FIG. 1 is a perspective views of a torsion type spring 33 biased nipper with handles 22 spaced narrowly apart to allow a small hand to utilize them one-handed. Besides the handles themselves being parallel at a narrow spacing, the distal ends of the handles 22 are even closer together to allow the handles to be gripped with a narrower grip at the distal ends for greater leverage. FIG. 1 also shows the placement of the pivot screw 77. FIG. 1 also shows the mounting of the fastener affixed carbide blades 44 with countersunk screws 55. FIG. 1 also shows the spring anchor hole 38 where the leg of the spring will attach. FIG. 2 shows a perspective view of the interior side of the disclosed nipper with the recess for mounting the torsion spring 33, the hole for the pivot bushing 66, and the hole 38 for anchoring the end of the torsion spring 33. FIG. 2 also shows the polymer washer 88 mounted between the handles 22 to further reduce friction and wear. The torsion type spring 33 is used because it will allow narrow spacing of the handles 22. The torsion spring 33 is affixed to not only bias the handles open, but to restrict the handles 22 from falling fully open which would necessitate using two hands to regain a grip. When the handles 22 are squeezed together, the torsion spring 33 compresses as shown in FIG. 1 allowing the blades to meet and cut the desired material. When the handle pressure is relaxed, the torsion spring 33 is mounted so as to be fastened inside the handles 22 so that the spring pressure forces the handles open only to a predetermined width, approximately thirty degrees, that will allow easy use with one small hand. This torsion spring 33 is attached to the handles in such a way that also allows the handles to be manually spread further apart if required to make a thicker cut. A stop screw 77 mounted as shown in FIG. 2 allows regulation of the cutting blades 44 so that the blades meet without a gap and without excess pressure. The carbide blades 44 are affixed to the cutting head of the assembly with countersunk fasteners 55 recessed so they do not interfere with the cutting action and can be replaced anywhere as needed without special tools rather than be resharpened. This is faster and easier for someone not skilled in sharpening cutter blades.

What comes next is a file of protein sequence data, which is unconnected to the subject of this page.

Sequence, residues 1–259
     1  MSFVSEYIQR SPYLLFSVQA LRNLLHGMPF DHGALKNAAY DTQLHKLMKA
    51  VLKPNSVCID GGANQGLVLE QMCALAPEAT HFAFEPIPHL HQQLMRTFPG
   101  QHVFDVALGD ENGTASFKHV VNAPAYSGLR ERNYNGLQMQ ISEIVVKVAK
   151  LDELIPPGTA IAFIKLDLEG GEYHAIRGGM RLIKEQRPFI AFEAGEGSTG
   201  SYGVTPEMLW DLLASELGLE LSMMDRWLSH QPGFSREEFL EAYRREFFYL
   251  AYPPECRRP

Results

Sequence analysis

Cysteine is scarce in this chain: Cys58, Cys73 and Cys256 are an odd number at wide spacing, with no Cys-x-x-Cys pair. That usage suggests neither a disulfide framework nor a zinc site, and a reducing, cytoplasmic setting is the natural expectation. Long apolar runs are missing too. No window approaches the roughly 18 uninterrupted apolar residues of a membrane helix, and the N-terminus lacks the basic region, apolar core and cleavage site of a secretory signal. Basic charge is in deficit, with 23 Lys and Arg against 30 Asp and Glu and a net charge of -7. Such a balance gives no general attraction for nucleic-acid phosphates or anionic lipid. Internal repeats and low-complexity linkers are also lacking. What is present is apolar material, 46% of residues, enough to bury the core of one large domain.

The preferred embodiment of the disclosed nipper design shows the handle body forged to the shape in the drawings of aluminum alloy 7075 which is typically used in aircraft. The forged aluminum worked well, but cast aluminum broke in testing. The handles are close together and more so at the distal end for better leverage with smaller hands. The machining done on the aluminum alloy nipper body would comprise shelves for the carbide blades which are drilled and tapped to match the blade fastener holes. An accurate bushing hole for the bushing pivot would be drilled and reamed. A friction reducing material such as oil impregnated bronze would be installed in the pivot hole and a polymer washer installed around that bushing to further reduce wear and friction between the two handles. Recesses would be machined for the spring to be positioned inside the handle bodies. This protects the spring and reduces interference during use. Holes are drilled at the lower end of the recess in which the 90 degree leg of the spring is anchored. In addition would be drilling and tapping for a small set screw located in the lower adjoining contacting faces to allow for adjustment of the blade contact. The handles would be coated with a non-slip rubber for safety and convenience. The blades would be vanadium carbide tool steel such as Crucible Metals CPM S30V or CPM S90V. The blades would be hollow ground on the cutting edge to require the least pressure to trim hooves. This carbide steel also would not become dull very easily requiring ease of use and longevity. The carbide steel blades would be drilled for the fasteners, hollow ground and then heat treated to approximately 60 Rockwell. The blades would be mounted with countersunk or counterbored fasteners so they do not interfere with the cutting edge.

While the above description contains detailed specifications and instructions, these should not be construed as limitations on the scope of the invention, but rather as an exemplification of one preferred embodiment thereof. Many other variations are possible, such as forming the handles of polymer material, or blades of ceramic. Accordingly, the scope of the invention should be determined not by the embodiment illustrated, but by the appended claims and their legal equivalents.